Compact objects are highly dense objects in the universe where general relativistic effects cannot be ignored. They are characterized by extremely small radius (~>10 km) but very massive (~> the mass of the Sun). These objects include black holes, neutron stars, and even quark stars (stars made of quarks).
There are two major motivations to study these compact objects:
- First, these objects are laboratories for testing general relativity, since they are highly relativistic.
- Second, measuring the inner structures of these objects can constrain the equation of states at very high densities.
My Master research helps to achieve these goals through the following ways:
- Oscillations (pulsations) of compact objects, e.g. neutron stars or quark stars, which can generate gravitational waves (analogous to playing drums: the membrane oscillates and generates sound waves);
- Universalities between the fundamental oscillations, moment of inertia, quadrupole moment, and tidal Love number, e.g. the I-Love-Q relation, which are useful for disentangling the effects of the equations of state and the alternative theories of gravity.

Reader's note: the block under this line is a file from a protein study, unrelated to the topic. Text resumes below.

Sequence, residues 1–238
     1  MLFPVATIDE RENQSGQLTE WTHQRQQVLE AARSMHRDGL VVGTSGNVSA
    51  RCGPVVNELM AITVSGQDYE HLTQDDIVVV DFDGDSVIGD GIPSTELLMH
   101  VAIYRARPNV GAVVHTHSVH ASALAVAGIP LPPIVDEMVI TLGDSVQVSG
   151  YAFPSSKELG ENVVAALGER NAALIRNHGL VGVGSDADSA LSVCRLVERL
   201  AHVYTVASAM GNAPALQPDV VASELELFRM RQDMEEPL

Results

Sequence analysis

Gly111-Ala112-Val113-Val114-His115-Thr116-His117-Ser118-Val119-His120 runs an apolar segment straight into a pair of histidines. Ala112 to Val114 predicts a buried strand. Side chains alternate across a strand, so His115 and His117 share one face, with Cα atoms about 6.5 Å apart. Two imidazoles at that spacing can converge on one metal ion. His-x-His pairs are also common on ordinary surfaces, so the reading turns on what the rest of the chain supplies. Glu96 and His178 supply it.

For the first part, we have derived an accurate Cowling approximation (that ignores perturbations in spacetime) for fundamental modes in fully relativistic equations. We have applied Chandrasekhar’s variational formula for the fundamental modes in incompressible stars to other kinds of compact stars, and found a very good agreement with numerical calculations.
For the second part, we have found that the incompressible limit is the underlying reason for those universalities and have derived their analytic approximations through the post Newtonian and post Minkowskian expansions. We also found a universal relation (i.e. independent of the equation of state) for the frequency of fundamental mode, tidal love number and moment of inertia.
The significances of these universal relations are:
A. Given these universal relations, compact stars’ properties can be inferred from a few measurements, e.g. from tidal deformation to moment of inertia and fundamental mode frequency;
B. Some of the properties of compact stars do not follow these universal relations, e.g. the radius of neutron stars. Measurements of these properties can help to differentiate various equations of state;
C. The violations of these universal relations can indicate unusual equations of state in compact stars and/or gravitational physics.
Our list of publications on these topics.